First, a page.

Spanish state investor eyes Telefónica stakeSpanish state investor eyes Telefónica stake
Spain's sovereign investment fund may acquire a chunk of Telefónica, a sign that the government is making good on its pledge to defend the incumbent against Saudi Telecom Company.
October 31, 2023
Spain’s sovereign investment fund may acquire a chunk of Telefónica, a sign that the government is making good on its pledge to defend the incumbent against Saudi Telecom Company.
Belén Gualda González, president of the State Company of Industrial Participation (SEPI), said in a brief statement that he is monitoring Telefónica’s situation, and is conducting “an internal exploratory analysis regarding a possible acquisition of a shareholding in said company.”
Rumours that SEPI might make a move emerged on Monday. However, government spokesperson and minister for territorial policy Isabel Rodriguez dismissed as speculation during a press conference, opting instead to reiterate the government’s stance on Telefónica.
“Telefónica is a strategic company for Spain due to its role in the field of telecommunications, but also in defence, and we are not going to comment on every [piece of] information that is published, out of prudence,” she said, according to a report by El Economista.
Confirmation that SEPI does indeed have its eye on Telefónica is the most concrete evidence yet that Spain is uneasy about STC – and by extension the Saudi government – gaining a foothold in Telefónica.
STC, which is majority owned by Saudi Arabia’s Public Investment Fund (PIF), announced in September a €2.1 billion plan to buy 9.9% of Telefónica, making it the telco’s biggest single shareholder. STC said it planned to hold 4.9% of its shares directly, while the remaining 5% would take the form of derivatives that could be converted into voting shares.
The proposed acquisition caused consternation in Spain, prompting assurances from the government that it would “activate the appropriate mechanisms” to protect its strategic interests.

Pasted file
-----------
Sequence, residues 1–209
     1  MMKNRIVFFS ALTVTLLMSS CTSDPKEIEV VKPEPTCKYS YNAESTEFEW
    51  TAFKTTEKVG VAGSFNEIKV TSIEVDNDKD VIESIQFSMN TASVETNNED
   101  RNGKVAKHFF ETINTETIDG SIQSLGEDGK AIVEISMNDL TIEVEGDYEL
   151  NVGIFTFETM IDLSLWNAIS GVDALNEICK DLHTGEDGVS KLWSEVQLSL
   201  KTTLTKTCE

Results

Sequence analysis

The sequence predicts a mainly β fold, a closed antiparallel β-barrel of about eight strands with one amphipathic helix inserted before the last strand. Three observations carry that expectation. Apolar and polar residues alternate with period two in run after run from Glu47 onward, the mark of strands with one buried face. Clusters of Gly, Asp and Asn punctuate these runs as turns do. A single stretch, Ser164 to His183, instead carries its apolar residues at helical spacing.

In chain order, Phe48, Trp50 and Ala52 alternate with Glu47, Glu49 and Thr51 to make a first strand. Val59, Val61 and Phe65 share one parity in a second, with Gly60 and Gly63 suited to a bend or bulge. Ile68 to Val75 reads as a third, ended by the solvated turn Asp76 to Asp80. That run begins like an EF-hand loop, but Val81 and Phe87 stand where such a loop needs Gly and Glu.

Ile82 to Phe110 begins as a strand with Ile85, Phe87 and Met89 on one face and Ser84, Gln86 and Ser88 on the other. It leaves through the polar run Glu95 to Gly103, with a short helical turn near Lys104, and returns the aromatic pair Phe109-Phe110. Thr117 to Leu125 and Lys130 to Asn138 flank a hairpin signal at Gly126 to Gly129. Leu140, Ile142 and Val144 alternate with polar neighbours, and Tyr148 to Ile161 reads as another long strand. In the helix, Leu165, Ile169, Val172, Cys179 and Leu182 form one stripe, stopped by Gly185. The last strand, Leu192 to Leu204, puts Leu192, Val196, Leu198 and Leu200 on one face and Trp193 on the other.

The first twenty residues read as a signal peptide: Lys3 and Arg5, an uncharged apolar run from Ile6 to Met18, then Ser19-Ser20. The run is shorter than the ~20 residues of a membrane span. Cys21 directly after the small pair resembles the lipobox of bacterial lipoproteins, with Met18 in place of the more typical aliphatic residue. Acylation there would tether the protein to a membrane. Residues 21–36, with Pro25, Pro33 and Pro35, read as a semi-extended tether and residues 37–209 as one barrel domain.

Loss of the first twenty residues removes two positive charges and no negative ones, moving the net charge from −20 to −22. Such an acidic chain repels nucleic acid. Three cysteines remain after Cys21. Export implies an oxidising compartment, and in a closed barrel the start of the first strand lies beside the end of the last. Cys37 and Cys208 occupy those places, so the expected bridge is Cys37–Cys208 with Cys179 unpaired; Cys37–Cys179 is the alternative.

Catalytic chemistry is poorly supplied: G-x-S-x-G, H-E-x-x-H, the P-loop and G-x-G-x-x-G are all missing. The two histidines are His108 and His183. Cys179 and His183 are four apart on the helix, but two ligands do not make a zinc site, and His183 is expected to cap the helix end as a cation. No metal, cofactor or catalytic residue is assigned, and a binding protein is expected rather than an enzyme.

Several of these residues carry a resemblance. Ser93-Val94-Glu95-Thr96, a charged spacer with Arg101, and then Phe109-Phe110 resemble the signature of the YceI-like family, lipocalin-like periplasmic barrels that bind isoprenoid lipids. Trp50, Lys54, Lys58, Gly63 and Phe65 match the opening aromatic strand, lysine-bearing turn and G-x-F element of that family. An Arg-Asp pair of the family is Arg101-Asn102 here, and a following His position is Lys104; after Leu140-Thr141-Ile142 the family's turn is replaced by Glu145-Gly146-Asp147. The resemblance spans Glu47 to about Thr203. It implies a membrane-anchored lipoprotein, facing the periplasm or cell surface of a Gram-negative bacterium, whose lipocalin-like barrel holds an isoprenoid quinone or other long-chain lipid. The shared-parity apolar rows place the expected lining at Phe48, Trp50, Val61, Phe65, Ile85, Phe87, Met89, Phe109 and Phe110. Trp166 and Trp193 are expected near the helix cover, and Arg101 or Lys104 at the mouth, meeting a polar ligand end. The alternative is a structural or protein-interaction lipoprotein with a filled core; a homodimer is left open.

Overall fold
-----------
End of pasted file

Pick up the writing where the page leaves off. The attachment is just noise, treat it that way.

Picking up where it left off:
It needs to tread carefully though because Spain is in the middle of trying to forge closer trading ties with Saudi Arabia.
According to a recent report by Al-Awsat, Madrid wants to expand the breadth of economic exchange with Riyadh into new areas by developing a new action plan with the Spain-Saudi Business Council.
A heavy-handed intervention into STC’s Telefónica stake acquisition would doubtless jeopardise this effort.
However, other rumoured developments this week seem to suggest that Saudi Arabia doesn’t want to derail its relationship with Spain either.
Sources cited by El Economistaon Monday (in Spanish) claimed that STC has opted not to convert its 5% of Telefónica derivatives into voting shares, leaving it with a 4.9% holding, rather than 9.9%.
In doing so, STC might ease Madrid’s misgivings and ward off any action from both SEPI and the Ministry of Defence. According to various recent reports (including this one from Reuters), Telefónica’s status as a defence services provider gives the Defence Ministry the right to weigh in on any attempt to acquire between five and 10 percent of it, unless the buyer pledges not to seek a seat on the target company’s board.
If STC really is scaling down its economic exposure to Telefónica, it will be interesting to see whether it forges a strategic alliance with it instead.
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